Rauner to ask lawmakers for $1.1 billion supplement for unappropriated FY17 spending
By Greg Bishop
Illinois News Network
SPRINGFIELD — Gov. Bruce Rauner will ask lawmakers for a $1.1 billion supplemental allocation to address unappropriated spending from fiscal 2017.
The big ask of taxpayers is expected to be part of the governor’s budget address next week. Governor’s Office of Budget and Management Director Hans Zigmund said the $1.1 billion is from the previous fiscal year when there wasn’t a budget. The bulk of that, 85 percent, is for overspending from the Department of Corrections and Medicaid.
“We want to be able to send those vouchers over to the comptroller,” Zigmund said. “We have to get that stuff vouchered so that she can effectively pay those bills”
State Sen. Chapin Rose, R-Mahomet, wants to wait and see what else is in the request.
“The danger in any supplemental is alway mission creep, right, because other people are always trying to jump in,” Rose said. “And then the question is … does it still balance at the end of the day to the funds you have?”
Zigmund wouldn’t elaborate on any other elements of the governor’s budget address, which will be delivered in front of lawmakers in Springfield Wednesday.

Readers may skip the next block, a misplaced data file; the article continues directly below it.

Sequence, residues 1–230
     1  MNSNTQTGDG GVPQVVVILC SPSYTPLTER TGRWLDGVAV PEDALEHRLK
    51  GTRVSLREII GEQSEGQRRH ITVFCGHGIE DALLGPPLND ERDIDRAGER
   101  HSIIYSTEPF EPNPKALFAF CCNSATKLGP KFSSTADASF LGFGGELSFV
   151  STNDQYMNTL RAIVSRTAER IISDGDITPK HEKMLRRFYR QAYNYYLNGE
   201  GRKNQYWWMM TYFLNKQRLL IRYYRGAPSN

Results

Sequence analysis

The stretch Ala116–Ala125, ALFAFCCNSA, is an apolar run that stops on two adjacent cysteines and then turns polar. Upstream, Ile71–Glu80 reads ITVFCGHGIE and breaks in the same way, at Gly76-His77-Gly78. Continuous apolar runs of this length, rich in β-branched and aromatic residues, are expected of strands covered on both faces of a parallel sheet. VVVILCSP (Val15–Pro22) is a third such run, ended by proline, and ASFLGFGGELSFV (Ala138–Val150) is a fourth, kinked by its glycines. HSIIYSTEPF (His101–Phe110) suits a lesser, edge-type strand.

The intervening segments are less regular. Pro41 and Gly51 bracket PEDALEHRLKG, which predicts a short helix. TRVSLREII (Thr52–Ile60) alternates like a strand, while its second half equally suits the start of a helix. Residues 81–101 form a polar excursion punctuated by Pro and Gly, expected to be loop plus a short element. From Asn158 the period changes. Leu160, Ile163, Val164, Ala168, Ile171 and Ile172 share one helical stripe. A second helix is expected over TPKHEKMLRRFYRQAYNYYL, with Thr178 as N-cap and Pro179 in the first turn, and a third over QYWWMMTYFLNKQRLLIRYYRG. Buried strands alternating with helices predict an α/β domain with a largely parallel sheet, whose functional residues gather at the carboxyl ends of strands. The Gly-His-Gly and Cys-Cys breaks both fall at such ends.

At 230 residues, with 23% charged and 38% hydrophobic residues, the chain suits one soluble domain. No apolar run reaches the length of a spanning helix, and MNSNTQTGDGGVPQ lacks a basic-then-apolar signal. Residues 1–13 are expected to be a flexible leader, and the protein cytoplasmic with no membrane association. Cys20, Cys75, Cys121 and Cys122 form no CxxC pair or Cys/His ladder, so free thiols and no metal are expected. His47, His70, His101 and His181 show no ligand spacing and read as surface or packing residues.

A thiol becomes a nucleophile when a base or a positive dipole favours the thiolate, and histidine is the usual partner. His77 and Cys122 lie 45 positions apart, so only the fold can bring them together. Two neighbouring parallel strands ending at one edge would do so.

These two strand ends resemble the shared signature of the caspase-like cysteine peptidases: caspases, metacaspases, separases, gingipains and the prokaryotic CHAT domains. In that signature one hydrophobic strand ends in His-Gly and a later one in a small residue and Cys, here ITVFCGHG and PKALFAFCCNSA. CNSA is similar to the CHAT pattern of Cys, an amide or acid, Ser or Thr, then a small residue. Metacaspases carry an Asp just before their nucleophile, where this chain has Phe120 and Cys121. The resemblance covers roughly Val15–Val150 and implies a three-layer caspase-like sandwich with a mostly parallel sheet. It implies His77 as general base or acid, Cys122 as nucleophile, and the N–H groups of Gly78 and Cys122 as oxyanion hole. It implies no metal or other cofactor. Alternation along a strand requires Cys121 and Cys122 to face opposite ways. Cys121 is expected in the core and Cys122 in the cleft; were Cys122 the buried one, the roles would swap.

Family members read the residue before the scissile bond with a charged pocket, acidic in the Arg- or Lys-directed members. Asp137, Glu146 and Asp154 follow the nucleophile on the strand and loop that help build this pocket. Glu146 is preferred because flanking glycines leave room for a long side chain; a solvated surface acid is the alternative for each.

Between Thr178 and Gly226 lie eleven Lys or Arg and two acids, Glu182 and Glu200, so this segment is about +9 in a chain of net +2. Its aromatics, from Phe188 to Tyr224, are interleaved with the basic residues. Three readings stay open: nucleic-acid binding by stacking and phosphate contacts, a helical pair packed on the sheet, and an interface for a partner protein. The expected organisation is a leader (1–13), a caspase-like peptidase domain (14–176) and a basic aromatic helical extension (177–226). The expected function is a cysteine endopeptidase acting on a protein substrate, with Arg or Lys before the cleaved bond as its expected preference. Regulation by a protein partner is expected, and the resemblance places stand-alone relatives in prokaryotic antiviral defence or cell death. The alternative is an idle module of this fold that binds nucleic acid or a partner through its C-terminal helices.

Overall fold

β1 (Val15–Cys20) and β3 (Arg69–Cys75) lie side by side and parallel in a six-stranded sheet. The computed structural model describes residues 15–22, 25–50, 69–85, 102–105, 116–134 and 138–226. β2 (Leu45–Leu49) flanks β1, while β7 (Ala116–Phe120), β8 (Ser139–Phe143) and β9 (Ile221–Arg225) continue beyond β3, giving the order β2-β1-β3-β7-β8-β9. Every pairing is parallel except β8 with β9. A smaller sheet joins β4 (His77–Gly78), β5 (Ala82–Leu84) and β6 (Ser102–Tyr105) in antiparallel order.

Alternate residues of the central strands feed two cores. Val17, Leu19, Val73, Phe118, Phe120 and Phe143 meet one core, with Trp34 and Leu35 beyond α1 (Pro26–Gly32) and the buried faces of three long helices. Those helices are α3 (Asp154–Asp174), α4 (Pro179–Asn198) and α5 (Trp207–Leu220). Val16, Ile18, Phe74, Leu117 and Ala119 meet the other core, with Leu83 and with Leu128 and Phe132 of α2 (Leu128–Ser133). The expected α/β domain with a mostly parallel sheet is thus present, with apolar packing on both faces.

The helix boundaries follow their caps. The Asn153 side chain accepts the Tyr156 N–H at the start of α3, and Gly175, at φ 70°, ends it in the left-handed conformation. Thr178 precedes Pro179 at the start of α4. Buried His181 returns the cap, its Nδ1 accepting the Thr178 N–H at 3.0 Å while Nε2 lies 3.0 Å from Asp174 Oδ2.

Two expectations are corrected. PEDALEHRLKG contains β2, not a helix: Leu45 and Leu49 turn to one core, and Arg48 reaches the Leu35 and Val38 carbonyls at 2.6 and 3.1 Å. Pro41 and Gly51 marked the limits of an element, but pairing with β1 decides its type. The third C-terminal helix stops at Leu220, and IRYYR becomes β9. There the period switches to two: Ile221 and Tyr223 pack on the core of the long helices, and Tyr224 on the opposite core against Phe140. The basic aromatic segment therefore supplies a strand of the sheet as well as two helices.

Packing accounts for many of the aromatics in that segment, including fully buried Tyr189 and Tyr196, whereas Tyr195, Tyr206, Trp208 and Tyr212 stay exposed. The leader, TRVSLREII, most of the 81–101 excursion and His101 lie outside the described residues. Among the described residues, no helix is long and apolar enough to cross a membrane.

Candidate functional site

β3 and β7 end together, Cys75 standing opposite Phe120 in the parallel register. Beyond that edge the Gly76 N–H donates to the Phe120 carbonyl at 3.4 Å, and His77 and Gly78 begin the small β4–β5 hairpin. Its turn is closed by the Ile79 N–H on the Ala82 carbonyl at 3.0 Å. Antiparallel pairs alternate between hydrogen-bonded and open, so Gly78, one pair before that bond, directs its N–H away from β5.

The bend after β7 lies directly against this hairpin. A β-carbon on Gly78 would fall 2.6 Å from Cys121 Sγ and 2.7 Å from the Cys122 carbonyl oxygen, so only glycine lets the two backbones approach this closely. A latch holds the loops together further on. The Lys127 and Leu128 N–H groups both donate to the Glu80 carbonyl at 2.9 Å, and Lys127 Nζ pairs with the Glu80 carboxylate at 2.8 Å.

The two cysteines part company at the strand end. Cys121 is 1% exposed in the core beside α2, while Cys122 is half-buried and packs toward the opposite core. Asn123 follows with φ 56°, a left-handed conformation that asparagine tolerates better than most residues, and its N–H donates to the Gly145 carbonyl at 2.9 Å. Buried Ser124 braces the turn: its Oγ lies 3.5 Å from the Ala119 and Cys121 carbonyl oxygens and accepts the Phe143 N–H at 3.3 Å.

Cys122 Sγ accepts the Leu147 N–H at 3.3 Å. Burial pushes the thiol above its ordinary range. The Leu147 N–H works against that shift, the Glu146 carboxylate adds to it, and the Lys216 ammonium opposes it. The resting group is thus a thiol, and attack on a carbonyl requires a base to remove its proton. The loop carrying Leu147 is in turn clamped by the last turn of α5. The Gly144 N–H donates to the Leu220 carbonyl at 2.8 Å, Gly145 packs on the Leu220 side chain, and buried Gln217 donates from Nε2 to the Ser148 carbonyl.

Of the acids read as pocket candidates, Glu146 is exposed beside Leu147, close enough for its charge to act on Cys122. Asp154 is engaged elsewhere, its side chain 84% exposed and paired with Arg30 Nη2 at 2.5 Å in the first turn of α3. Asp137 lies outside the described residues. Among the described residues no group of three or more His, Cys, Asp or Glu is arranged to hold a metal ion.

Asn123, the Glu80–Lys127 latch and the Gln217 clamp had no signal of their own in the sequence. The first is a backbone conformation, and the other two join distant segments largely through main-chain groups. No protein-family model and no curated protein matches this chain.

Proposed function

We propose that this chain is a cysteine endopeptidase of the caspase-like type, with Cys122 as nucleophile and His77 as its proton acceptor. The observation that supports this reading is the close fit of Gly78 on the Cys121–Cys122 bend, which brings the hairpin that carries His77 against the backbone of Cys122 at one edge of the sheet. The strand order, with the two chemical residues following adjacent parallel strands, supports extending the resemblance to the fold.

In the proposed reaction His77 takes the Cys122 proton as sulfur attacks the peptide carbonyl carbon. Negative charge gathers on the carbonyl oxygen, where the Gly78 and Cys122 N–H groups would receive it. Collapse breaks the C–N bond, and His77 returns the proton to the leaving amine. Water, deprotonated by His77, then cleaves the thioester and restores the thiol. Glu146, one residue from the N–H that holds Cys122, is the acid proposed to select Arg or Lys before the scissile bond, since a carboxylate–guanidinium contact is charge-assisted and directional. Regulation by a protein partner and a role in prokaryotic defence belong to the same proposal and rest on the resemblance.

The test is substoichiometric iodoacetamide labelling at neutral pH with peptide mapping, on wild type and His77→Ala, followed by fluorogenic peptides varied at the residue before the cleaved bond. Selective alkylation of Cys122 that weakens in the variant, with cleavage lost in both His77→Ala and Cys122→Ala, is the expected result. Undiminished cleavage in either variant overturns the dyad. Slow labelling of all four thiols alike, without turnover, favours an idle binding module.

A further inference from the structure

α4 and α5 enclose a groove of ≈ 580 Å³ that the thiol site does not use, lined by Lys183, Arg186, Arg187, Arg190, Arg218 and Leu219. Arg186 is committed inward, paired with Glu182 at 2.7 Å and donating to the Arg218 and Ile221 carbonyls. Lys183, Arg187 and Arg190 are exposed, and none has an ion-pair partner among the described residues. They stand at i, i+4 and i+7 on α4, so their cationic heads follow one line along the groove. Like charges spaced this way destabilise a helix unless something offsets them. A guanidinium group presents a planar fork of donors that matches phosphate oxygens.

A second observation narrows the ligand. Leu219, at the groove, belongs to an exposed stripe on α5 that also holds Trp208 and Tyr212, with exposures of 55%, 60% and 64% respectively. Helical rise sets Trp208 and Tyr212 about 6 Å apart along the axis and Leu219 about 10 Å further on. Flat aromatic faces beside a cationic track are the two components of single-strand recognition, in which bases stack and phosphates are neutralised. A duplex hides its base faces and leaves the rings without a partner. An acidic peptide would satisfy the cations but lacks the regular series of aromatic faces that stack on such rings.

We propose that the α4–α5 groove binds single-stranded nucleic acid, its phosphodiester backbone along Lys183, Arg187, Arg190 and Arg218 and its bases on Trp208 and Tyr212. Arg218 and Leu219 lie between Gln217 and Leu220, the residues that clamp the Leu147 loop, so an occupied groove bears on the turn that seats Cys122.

While Democrats put the blame of the current unbalanced budget on Rauner, Republicans said Democrats knew the budget they passed over his veto last year was unbalanced, despite a $5 billion tax increase that also was approved over the governor’s veto.
Zigmund said that, through various methods and cuts within operations, the administration was able to get the current year deficit down from more than $1 billion to $600 million.
State Sen. Heather Steans, D-Chicago, said she didn’t want to play the blame game. But, she said, there would have been a better outcome if the governor was more involved with leaders meetings.
“I don’t think they’ve met since December of 2016, if I recall that,” Steans said. “So that’s not leadership. That’s not getting down and actually coming down with a solution.”
Rose said that’s nonsense.
“It’s sort of a cynical attempt here to somehow lay this at the door of the governor’s office when they passed a budget, it wasn’t balanced,” Rose said. “They raised everyone’s taxes, and they still couldn’t get it to balance.”
The current fiscal year budget was passed over the governor’s veto, as was a 32 percent increase in the individual income tax rate and a 33 percent increase in the corporate income tax rate.